On The Right to Self-Protection Blog
Think – Because Survival Isn't a Sport

Getting People Hurt


 When asked what I do, I face almost constantly the quizzical look, trying to decipher what I meant by “teaching combatives”.  Then comes the inevitable clarifier, “oh, you teach martial arts?”  Well no.  Not even close.  At least not in the way that the VAST majority of people teach martial arts today, and what martial arts have become.  You see they have become a sport.  You can compete in today’s martial arts, and that is not what a “martial” art was about at all when it first evolved. 

When martial arts were first formed they were to train people to kill the opponent.  The structure of a sporting martial arts base came when most sides trained in similar arts and so competitions could be held because there are always counters to predictable sets.  This evolved from when Traditional Military Spartan Pankration, by many accounts the genesis of modern eastern arts, held competitions where status was conferred based on who died first.  Gradually we have seen the necessity of combat be restricted to military groups and the citizenry gradually declines to dependency on others to protect them be it feudal Japan or Europe or modern day reliance on 911.

The martial arts of today proclaim things like using the aggressor’s energy against him or develop self-defense that, according to a martial artist in an interview in the North Country Pennysaver, does not injure and other person – not even your attacker.  This is the kind of statement that makes me cringe and fills me with contempt for people who seek to teach people to defend themselves with material that can’t work because the intent isn’t there.  I do not know if this man has any field ventures other than his extensive teaching career, but as both an educator and someone with many years of experience in asocial environments, I would ask him to think back to any real life-and-death experiences he has had, consider them and ask how they ended.  Search your conscience as well because telling people they can stop criminal attack without hurting someone is, in my humble opinion, tantamount to setting them up for being murdered or beaten.

If you do not intend to hurt the person who is intent on hurting you, which by the way is the defining feature of an asocial attack, then you will be the victim.  You do not have to hate the person or even judge them as persons, but you do have to recognize the intent and respond in kind.  The only weapon that an assailant carries that is dangerous is their mind.  Only their mind can formulate intent and then cause the body to take action to make it happen.  Guns, knives and such are only effective as force amplifiers if the mind is in control of the body.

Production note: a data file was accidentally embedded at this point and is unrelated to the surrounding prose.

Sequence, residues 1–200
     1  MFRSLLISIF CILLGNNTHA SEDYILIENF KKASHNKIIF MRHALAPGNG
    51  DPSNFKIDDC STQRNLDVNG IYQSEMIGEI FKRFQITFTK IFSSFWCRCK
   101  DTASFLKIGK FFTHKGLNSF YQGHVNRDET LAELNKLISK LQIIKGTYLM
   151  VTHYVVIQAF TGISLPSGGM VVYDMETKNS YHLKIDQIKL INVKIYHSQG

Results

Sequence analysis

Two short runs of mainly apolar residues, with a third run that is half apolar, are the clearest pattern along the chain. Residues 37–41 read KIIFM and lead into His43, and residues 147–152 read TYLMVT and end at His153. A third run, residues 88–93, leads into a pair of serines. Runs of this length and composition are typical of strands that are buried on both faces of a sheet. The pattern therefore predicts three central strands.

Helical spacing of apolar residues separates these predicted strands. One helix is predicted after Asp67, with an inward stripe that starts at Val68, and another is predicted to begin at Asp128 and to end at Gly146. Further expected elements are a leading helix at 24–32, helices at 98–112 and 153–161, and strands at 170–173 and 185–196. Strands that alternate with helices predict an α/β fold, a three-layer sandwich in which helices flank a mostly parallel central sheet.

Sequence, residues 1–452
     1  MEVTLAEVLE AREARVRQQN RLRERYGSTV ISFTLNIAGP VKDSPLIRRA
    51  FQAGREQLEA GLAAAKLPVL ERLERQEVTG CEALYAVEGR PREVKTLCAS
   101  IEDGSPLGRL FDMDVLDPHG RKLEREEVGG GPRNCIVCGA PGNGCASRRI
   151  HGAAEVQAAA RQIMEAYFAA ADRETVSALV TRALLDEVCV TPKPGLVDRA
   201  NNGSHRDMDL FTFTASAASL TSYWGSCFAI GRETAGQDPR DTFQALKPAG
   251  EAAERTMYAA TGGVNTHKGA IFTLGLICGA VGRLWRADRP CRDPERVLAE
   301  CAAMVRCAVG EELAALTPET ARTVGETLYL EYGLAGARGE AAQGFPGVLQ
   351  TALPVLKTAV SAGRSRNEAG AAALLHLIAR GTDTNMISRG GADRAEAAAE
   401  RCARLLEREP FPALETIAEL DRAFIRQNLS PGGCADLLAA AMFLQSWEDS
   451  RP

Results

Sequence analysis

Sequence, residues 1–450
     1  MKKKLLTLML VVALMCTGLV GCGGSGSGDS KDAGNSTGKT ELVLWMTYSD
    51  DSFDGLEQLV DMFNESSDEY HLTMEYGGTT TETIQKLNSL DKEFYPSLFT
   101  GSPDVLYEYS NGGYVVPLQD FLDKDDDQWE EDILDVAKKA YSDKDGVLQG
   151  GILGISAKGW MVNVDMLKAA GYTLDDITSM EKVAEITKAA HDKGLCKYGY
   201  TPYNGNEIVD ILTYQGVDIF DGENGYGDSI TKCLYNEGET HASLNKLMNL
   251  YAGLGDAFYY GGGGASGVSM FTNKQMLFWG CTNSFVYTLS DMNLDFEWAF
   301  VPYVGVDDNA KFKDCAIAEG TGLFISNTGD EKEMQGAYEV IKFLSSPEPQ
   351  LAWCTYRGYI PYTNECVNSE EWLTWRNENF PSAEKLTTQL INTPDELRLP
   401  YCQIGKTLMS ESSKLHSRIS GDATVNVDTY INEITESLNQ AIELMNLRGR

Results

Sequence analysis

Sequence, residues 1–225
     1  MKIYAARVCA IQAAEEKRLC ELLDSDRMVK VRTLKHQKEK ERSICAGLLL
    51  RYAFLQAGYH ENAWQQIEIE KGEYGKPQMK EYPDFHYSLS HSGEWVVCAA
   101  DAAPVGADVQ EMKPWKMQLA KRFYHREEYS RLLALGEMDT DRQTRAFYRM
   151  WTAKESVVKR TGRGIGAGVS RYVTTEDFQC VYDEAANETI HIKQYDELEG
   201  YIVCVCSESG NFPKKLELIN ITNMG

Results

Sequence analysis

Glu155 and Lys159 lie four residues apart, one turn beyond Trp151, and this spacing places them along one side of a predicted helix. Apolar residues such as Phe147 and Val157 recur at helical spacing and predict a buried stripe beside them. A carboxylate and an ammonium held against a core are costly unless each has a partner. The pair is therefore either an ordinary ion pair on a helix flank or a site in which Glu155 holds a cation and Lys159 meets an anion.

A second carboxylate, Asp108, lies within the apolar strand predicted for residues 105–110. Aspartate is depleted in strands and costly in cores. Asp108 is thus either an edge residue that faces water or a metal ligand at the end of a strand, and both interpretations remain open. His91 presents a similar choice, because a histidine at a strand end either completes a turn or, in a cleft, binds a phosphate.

Watching the videos on the site of the instructor and his partner is to witness a non-fiction translation of Jim Carrey’s famous knife defense class on IN LIVING COLOR.  Predetermined responses to predetermined attacks that follow the rule of “you do this and I will do this and then….”  The reality is that virtually all martial arts train unrealistically for real life situations.  On the street you do not have the ability to ask your opponent to attack in the particular way which your best defense is suited to repel. 

The part that really scares me is people will believe this guy.  They will throw away time money and develop false ideas about what asocial violence and real trauma are about and then…then they will get hurt.  Or killed.  Or raped, abducted, car jacked, etc. 

The false sense of safety instilled by people who may have good intent in their teaching serves only to create victims because they are operating under false pretense.  It also makes their students tend towards lax situational awareness and instills in them a confidence to perhaps venture where they shouldn’t because they overestimate their skill level.  When an instructor gives out false or sport-based methodology to fight asocially violent attacks, that they might as well take their clients to a crack house, put a hundred in cash in their pocket, announce the fact to everyone there and shove them out the car while calling 911 to pick up the remains.  Misleading and misrepresenting what it takes to survive in a truly asocial event is reckless endangerment and perhaps more akin to manslaughter or second degree murder. 

This kind of teaching, to defend (reactive) rather than protect (proactive) guts the essence of what martial arts was intended to be and is in direct opposition to those people who teach real combatives.  If only criminals can inflict trauma then only criminals can survive an asocial encounter.  Teach the horrible reality of what asocial violence is so your clients never want to posture, or needlessly challenge another, or fight out of ego.  On the flip side they will not have to fear criminals, because they know what is required to survive.  Putting trauma with the intent to harm the person attacking is simple, direct and devastating but the mindset to choose to do that needs the truth of the issue to present itself so the decision becomes firmly rooted and instinctively accepted.

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